This should be taken together with the fact that Mac-slash-Rogen’s wife, Kelly, played by Rose Byrne, can hang out with him and eat pizza, stoned, in bed after beating the fraternity. In the end, the battle is a bodily one. Rogen, like Jack Black or John Candy, has an interesting bodily presence; however, in contrast to these actors, he doesn’t have to work as hard in making comic gestures. He just has to be himself.

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The plot is that the schlemiel-couple-with-one-baby win over the fraternity. In Animal House it was John Belushi with the weight; now it’s Rogen. And Rogen, as Mac Radner, has a wife and child. He’s responsible. Things have changed.

There is no question that Rogen has taken on the baton from Ramis and that Apatow has set this up for him. The question is whether this re-casting of Ramis’s work, within a context that Apatow has created, is meaningful. Who are our heroes and role models today? Is Rogen’s naked body, bouncing up and down in front of Abercrombe and Finch a sign of what is to come? For such a popular film, can we say that this is “our” comical form of hope? Are Ramis’s grandchildren…ours or somebody else’s? After all, some babies don’t survive. But with a face and body like Seth Rogen’s – reminding us that we can all just relax, get high, and eat whatever we want, whenever we want, while raising children (!) – how can we say no? After all, it seems as if this film is telling us that, ultimately, Rogen’s bodily antics make the differences between our bodies and masculinities less apparent and meaningful. His bodily presence makes us feel at home with the family, etc.

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And yet isn’t it the comedians who make us feel least at home that are the most meaningful? But…Neighbors seems to be telling us that, in the end, what we want is to have a new norm, a bodily, comic norm that, to be sure, is more in accord with who we are; namely, comfortable with hanging out with the bros, getting high, eating, and having a good time at a party.

(For something else, something different from this, check out the work of up-and-coming comedians like David Heti.  His work ends on an entirely different note.)

John Steinbeck, Marc Maron & Walter Benjamin on Driving, Distraction, and Reflection

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Over the years, I have driven thousands of miles across the United States. And I have always looked at these journeys – with all of those hours behind the wheel – as opportunities for me to think and reflect on all kinds of things. To be sure, some of my best thoughts have come to me while driving. I would (and have) often make it an imperative to have my tape recorder or mp3 recorder on while I drive because I don’t want to miss the thought while it happens.   I was pleasantly surprised to find – most recently – that John Steinbeck has a beautifully written passage in Travels With Charley where he writes on the topic of driving, distraction, and thought.   And between John Steinbeck and the Jewish-American comedian Marc Maron (whose autobiography, Attempting Normal, I have also been reading), I find interesting similarities and contrasts between the types of thinking one does when one is driving a car and distracted.   The differences, especially, show us how the worlds they inhabit differ in content and character. The differences between them, however, come together in the fact that the association of driving with distraction and thinking is essential.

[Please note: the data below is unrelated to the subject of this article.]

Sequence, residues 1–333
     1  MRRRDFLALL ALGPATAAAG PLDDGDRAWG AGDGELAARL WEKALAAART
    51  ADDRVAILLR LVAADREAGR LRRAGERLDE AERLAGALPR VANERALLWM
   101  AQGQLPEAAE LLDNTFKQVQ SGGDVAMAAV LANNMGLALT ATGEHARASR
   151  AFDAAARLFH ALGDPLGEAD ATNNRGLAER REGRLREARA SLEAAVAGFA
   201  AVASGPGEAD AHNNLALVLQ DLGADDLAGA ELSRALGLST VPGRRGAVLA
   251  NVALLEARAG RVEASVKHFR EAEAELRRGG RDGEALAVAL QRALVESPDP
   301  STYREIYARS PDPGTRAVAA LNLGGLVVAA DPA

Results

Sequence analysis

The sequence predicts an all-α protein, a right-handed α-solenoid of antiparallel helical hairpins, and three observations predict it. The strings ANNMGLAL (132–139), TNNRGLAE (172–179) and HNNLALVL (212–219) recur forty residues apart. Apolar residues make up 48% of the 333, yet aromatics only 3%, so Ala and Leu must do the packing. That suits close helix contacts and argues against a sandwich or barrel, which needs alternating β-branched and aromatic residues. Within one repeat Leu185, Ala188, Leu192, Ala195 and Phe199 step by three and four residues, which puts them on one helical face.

I have written on distraction, thought, and comedy vis-à-vis Rodolph Gashe’s reflections on Immanuel Kant’s claim that “literature” is not thought but distraction and on Walter Benjamin’s words on distraction. I entitled these posts “The Distracted Schlemiel: Empirical Consciousness, Reading and Distraction.”   I’d like to briefly recount Benjamin’s philosophical account of distraction in “The Work of Art in the Age of Mechanical Reproduction.” It gives us a means of addressing the autobiographical-fictional-accounts of Steinbeck and Maron on driving, distraction, and thought.

At the very end of his essay, Benjamin shares his greatest thought on the new way we have of relating to the world in the “age of mechanical reproduction.” His reading of distraction is largely positive; he associates it with “habit” and a new means of dealing with “perceptual shock”:

For the tasks which face the human apparatus of perception at the turning point of history cannot be solved by optical means, that is, by contemplation, alone. They are mastered by habit, under the guidance of tactile appropriation. (240, Illuminations)

And what better form of “tactile appropriation” is there, for Americans today, than driving a car? Benjamin notes that the “distracted person (who we are, for arguments sake, calling the-person-who-drives-a-car) can form habits.”   These habits – the habits of a kind of thinking on the go – provides a “solution” to the problem of modern perception. And he goes so far as to liken this kind of distraction to the modern artists distraction while painting:

More, the ability to master certain tasks in a state of distraction proves that their solution has become a matter of habit. Distraction as provided by art provides a covert control of the extent to which new tasks have become soluble by apperception. (240)

Benjamin goes on to argue that this kind of distraction can “mobilize the masses” and suggests that the best medium for this isn’t driving so much as watching films: